much and more: a tale of four apple seeds

4 apple seedsFour little apple seeds.  That’s how it all started.

Four tiny little apple seeds have dominated – nay, wrecked my household over the past two weeks.

Because of four little apple seeds, I have lost approximately fifty hours that I had earmarked for other purposes.  Instead of getting my hair cut, reorganizing my bedroom, and a host of other noble activities, I have been forced to heed the urgent, silent cry of 50 lbs. of produce on my counter: Clean us!  Cook us!  Preserve us before we rot and grow flies!

Because of four little apple seeds, my house is a mess.  My precious living space, which I prefer to keep tidy and full of peace (or at least vacuumed), is gasping for breath beneath a layer of earth and leaves.  Sweep as I may, it is all for naught; the moment I approach the next apple, another dusting begins to fall.  This endless cycle has led me to neglect my regular weekly chores as well, and the cost is piling up.

Because of four little apple seeds, I am exhausted.  Working through my days off and cooking into the night have trimmed much needed hours off of my commitment to rest and relaxation.  My hair is frizzy, I’m always hot, and my clothes are riddled with patches of cinnamon-scented goo.  I am not a pretty picture.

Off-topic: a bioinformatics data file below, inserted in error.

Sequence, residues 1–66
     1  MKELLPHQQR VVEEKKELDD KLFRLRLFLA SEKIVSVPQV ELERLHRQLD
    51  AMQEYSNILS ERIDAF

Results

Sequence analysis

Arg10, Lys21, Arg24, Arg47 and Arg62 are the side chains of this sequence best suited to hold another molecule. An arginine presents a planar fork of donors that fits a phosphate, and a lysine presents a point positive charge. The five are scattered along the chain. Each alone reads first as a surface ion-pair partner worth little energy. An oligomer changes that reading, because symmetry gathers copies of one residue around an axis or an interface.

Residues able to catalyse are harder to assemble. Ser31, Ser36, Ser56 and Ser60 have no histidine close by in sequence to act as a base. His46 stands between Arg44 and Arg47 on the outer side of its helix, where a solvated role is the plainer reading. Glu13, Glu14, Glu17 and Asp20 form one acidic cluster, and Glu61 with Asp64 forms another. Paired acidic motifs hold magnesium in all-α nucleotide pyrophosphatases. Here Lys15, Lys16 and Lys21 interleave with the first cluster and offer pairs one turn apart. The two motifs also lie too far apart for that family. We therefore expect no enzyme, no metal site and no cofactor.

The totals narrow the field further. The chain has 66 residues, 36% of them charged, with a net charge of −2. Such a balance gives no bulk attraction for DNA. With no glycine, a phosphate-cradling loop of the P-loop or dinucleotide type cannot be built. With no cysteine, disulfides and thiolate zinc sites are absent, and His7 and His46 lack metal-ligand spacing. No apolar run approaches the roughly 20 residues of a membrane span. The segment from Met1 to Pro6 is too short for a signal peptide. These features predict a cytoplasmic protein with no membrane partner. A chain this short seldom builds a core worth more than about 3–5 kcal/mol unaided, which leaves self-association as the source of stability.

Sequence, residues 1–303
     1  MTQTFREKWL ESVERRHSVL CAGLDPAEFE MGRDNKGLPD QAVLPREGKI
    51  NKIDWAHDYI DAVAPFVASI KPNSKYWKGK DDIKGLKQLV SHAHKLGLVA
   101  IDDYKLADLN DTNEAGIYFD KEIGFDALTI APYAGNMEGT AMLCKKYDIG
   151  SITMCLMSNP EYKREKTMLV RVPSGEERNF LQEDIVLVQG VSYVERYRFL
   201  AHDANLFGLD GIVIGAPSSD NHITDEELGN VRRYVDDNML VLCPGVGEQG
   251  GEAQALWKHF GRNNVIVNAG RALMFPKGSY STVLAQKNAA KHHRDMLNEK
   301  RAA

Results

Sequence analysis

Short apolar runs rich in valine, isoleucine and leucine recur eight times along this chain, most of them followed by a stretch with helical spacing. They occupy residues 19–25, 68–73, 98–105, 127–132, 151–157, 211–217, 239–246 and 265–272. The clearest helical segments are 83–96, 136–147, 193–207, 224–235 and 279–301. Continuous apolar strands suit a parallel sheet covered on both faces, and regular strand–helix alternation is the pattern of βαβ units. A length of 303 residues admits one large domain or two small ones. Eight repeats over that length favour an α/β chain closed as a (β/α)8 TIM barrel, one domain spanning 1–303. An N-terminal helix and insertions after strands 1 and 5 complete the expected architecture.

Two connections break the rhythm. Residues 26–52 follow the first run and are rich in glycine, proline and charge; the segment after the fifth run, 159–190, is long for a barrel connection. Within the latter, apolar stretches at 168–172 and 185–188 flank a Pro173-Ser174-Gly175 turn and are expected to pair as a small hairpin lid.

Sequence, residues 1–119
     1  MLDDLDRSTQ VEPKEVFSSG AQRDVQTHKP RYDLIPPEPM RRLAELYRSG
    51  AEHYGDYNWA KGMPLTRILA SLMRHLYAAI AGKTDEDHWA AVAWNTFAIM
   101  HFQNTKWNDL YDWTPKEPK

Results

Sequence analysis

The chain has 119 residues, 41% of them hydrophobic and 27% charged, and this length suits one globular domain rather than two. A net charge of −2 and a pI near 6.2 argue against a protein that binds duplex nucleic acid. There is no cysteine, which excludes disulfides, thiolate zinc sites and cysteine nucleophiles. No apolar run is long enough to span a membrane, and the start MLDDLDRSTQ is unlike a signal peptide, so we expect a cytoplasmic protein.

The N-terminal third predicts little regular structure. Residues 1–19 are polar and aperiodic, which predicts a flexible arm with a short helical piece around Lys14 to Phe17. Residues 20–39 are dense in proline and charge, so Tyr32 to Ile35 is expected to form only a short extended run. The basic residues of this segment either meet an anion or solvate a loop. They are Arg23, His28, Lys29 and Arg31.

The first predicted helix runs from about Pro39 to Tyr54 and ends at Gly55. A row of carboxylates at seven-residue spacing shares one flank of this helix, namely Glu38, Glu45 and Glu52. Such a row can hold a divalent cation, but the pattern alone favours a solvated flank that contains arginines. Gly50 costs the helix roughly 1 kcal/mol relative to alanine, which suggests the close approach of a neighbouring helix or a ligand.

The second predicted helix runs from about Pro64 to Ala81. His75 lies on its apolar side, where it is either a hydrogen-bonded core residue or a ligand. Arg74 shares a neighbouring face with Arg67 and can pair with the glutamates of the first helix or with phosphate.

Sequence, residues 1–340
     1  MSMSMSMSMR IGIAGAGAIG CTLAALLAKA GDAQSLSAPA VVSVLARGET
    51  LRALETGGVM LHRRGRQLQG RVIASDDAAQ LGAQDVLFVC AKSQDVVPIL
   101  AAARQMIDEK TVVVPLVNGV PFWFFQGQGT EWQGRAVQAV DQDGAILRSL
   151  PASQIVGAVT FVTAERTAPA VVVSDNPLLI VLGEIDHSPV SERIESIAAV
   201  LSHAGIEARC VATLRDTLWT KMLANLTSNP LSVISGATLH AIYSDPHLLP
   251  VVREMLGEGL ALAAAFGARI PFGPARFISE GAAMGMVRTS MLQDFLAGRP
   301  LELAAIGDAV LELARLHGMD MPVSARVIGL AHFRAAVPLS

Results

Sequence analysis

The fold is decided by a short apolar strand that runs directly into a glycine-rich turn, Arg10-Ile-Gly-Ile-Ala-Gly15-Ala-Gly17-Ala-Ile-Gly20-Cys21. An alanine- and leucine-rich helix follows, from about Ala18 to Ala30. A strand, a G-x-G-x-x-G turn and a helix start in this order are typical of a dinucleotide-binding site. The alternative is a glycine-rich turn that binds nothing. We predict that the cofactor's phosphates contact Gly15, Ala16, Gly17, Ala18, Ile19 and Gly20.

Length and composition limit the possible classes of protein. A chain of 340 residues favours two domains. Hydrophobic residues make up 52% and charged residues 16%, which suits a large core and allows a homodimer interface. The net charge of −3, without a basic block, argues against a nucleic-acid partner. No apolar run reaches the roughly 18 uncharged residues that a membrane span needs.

And we’re still not done.  There’s another whole load of apples at my aunt’s house, whimpering and waiting for me to come pick them up!

OLYMPUS DIGITAL CAMERAAnd yet…I wouldn’t change a thing.

Thanks to those four little apple seeds, my family has spent the majority of our last two weeks in real face time together.  We have filled our humble kitchen with slicing, stirring, boiling, laughing, arguing, singing, and more, with nothing but music to accompany us.  We have made memories that we already enjoy to recount – and we’re still not done.

Thanks to four little apple seeds, our hands have generated more than 40 pints of locally grown, chemical-free, homemade apple butter.  It is – and I say this with all due humility – the best apple butter I have ever tasted.  Of course, we have more than we could ever possibly hope to eat ourselves, so we will be able to take the excess and sell it.  At $4.00 per half pint, the project will more than have paid for our investment – and we’re still not done.

Thanks to four little apple seeds, we have been given a chance to participate in the harvest.  We have shared, in a very small way, the sweat and vigor of those who live off of only what their own hands can produce and preserve.  We have a physical reminder of the multiplied blessings that come when we plant good seeds in the world and in the lives of others.  We have received and given back thousands of times more than what was originally sown.

And we’re still not done.

Anyone can count the seeds in an apple, but only God can count the number of apples in a seed."  -Robert H. Schuller

Anyone can count the seeds in an apple, but only God can count the number of apples in a seed. -Robert H. Schuller